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After racial unrest across US, Congress takes another look at reparations

Following the Civil War, formerly enslaved families were guaranteed by Union leadership 40 acres and a mule. The offer was never met, yet a reminder into the centuries-old promise that has stayed in Congress for decades is H.R. 40, the"Commission to Study and Develop Reparation Proposals for African Americans Act."

The bill has been introduced in every legislative session since 1989, and nearly two decades since the previous hearing on H.R. 40, the invoice and the idea of reparations are getting a new spotlight at Washington on Wednesday during a House Judiciary subcommittee hearing.

Since the last time a hearing was held on H.R. 40 in 2019, Speaker Nancy Pelosi has publicly declared her support for reparations. Nonetheless, in the three years since the bill was first introduced, it has yet to reach the House floor for a vote.

Jackson Lee told ABC News,"we are determined to take this via markup, which is a procedural process that we use in Congress as you know, then to the ground, then we would like to get into the United States Senate."

Wednesday's hearing may also examine the global impact of reparations. 1 speaker that will testify Wednesday will discuss reparations for Japanese Americans, that have been passed beneath by President Ronald Reagan following the internment of Japanese Americans from the United States during World War II.

After the hearing, H.R.40 will need to be passed through the House Judiciary Committee. If it is passed there, the House can start debate on the bill.

Exterior of the walls of Congress numerous state and local governments and universities across the country have confessed their role in the slave trade and also are exploring ways to address the issue since the previous hearing H.R.40.

The town would later adopt a resolution to create a"reparations fund" as a part of the city funding to utilize tax revenue collected from the sales of recreational marijuana to support reparations in town. Moreover, the fund allowed for private contributions.

In the first period of reparations, the city is giving up to $25,000 towards homeownership for Evanston residents and their immediate decedents who suffered housing discrimination between 1919 and 1969.

In 2020, California passed a law to make a task force aimed at analyzing and making recommendations for reparations for Black Americans.

In North Carolina, several municipalities and local authorities have apologized for slavery and segregation when focusing their efforts on prioritizing racial fairness. The Asheville, North Carolina, city council voted unanimously last year to apologize for its role in slavery, vowing to offer reparations to black decedents through investments in an effort to fix disparities facing black inhabitants.

"centuries of Black blood spilled that essentially fills the cup we drink from today," one of the lead sponsors of the bill, city councilman Keith Young, said in 2020. "It's simply inadequate to remove statutes. Black men and women in this country are dealing with problems that are systemic in nature."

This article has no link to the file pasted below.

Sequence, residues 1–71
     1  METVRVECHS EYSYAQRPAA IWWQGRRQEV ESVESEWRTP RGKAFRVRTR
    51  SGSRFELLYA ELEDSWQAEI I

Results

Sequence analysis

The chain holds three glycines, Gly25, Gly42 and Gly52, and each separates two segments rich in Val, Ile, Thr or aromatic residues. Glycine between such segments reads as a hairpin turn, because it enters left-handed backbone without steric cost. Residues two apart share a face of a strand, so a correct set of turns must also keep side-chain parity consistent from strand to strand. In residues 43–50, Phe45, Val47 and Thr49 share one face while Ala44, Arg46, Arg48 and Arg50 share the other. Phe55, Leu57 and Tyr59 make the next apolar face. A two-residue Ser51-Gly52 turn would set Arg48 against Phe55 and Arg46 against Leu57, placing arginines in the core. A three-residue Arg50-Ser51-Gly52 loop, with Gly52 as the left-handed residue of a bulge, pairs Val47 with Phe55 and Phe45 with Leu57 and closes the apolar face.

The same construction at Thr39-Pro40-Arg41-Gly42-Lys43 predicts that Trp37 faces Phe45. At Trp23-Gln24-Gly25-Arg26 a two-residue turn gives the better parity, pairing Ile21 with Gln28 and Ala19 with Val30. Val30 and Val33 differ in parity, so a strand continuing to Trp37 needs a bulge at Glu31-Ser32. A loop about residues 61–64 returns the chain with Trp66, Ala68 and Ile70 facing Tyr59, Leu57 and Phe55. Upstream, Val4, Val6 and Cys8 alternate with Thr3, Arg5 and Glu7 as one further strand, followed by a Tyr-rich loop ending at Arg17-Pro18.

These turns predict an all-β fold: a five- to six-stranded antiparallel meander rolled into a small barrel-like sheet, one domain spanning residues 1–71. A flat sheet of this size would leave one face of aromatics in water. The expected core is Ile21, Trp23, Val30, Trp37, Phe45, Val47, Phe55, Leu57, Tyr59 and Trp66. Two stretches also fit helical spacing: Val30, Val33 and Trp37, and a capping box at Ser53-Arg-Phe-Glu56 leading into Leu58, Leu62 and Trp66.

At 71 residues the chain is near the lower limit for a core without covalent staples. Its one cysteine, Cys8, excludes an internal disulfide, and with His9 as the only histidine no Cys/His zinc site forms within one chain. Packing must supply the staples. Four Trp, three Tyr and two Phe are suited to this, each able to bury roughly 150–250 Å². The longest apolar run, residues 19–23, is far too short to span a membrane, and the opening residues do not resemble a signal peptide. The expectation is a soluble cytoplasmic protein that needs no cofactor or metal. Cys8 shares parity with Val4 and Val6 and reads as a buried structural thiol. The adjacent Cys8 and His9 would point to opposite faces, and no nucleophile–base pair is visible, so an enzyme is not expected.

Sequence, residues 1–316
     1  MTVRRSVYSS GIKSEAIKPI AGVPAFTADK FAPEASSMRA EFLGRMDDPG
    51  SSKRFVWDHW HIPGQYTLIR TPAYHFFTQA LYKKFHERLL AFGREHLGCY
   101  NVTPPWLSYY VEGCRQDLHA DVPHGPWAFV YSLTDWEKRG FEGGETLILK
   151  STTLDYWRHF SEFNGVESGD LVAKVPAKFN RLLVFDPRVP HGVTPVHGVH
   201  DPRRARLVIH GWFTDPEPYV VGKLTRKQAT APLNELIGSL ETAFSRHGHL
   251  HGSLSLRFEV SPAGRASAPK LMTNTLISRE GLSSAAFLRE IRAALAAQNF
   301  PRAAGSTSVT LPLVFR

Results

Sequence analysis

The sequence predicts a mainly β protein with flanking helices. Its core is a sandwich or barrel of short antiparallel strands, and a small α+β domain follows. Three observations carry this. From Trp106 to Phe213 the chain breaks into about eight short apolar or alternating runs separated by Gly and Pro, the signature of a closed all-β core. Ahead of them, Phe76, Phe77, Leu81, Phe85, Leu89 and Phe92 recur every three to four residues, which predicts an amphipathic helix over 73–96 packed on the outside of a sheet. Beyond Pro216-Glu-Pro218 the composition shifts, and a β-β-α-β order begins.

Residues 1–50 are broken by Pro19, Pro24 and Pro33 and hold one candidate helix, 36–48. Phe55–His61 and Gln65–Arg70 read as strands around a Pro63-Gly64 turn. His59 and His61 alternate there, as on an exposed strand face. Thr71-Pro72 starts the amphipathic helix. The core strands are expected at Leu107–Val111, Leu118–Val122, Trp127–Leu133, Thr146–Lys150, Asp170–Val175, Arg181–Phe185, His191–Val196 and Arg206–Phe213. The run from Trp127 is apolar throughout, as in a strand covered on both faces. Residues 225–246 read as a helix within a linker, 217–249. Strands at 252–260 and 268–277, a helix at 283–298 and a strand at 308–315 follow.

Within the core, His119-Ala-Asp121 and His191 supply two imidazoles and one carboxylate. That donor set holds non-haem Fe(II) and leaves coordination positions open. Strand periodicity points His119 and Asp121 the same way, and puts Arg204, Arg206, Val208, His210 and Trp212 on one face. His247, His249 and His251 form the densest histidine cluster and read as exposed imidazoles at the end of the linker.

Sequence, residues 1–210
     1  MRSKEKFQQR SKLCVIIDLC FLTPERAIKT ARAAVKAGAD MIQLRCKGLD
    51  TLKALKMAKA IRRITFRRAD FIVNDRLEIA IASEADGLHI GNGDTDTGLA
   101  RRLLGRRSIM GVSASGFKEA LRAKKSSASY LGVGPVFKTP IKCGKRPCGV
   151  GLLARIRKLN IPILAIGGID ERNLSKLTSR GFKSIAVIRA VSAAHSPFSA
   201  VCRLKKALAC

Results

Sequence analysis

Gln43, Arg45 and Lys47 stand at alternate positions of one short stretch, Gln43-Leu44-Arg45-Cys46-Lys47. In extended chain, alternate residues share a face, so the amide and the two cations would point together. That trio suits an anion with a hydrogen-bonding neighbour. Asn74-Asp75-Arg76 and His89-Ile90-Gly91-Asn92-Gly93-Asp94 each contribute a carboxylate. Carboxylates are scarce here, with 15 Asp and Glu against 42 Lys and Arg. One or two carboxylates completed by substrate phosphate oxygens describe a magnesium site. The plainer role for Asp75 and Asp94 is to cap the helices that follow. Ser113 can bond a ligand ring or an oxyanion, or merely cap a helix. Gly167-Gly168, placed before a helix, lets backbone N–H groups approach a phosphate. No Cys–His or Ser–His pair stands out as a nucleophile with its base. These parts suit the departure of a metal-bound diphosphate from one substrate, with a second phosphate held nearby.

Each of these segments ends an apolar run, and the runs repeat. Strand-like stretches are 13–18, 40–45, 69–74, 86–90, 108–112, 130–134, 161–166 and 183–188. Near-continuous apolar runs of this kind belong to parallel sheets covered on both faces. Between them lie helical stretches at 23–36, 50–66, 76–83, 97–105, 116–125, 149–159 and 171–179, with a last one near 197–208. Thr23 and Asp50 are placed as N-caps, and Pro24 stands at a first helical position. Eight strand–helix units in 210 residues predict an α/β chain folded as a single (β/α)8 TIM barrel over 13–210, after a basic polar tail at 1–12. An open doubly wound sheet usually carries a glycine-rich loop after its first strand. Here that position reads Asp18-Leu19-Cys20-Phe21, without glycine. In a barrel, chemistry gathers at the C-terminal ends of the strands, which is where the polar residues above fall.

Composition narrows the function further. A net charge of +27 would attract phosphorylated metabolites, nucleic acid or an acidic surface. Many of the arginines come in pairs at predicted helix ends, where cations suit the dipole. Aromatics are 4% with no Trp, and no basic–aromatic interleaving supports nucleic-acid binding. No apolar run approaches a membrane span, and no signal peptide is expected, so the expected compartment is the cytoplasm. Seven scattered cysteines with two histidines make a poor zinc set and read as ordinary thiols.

University of Connecticut professor Thomas Craemer has analyzed the subject of race and reparations for over 15 years. Craemer published a newspaper in 2015 estimating that the costs of captivity and reduction of wealth through captivity price a conservative estimate of $14.5 trillion through 2009, which did not account for inflation.

His analysis also didn't account for colonial slavery or the reduction of wealth due to discrimination after slavery.

He explained the current stimulation checks might be the blueprint for how reparations might be dispersed out. "[The] experience of trillions of dollars being delivered to people's houses, through the tax system may, you know, could be an illustration of how this could be accomplished fairly easily," Craemer said.

Craemer said he affirms H.R.40 but believes since the bill's first debut, a fantastic deal of research into reparations was completed. He said the focus should be on providing"a few reparations in addition to setting up a commission to do further research."

Various other critics of H.R. 40 state that using the COVID-19 relief package still under discussion, the effort for reparations must wait patiently. Jackson Lee, a member of the House Budget Committee, said she would push the $1.9 trillion relief charge and for $15 an hour minimum wage in the same time she's fighting for H.R. 40.

"We can't wait-- I join with the Biden administration that says we can do several things at the same time," she told ABC News Tuesday.

Jackson Lee notes, H.R. 40 is a"international legal concept; it is not something we have created here. It copes with restorative and fix, which is needed in this nation."

"I believe that in 2021. We want to isolate white supremacy. White racism, domestic violence, we want to Check out each other as our fellow brothers and sisters, and as have been stated to the ages, our fellow Americans, I need H.R. 40 to maintain the minds and hearts about fellow Americans, pass it and immediately get it signed by the President of the USA," the Texas congresswoman said.

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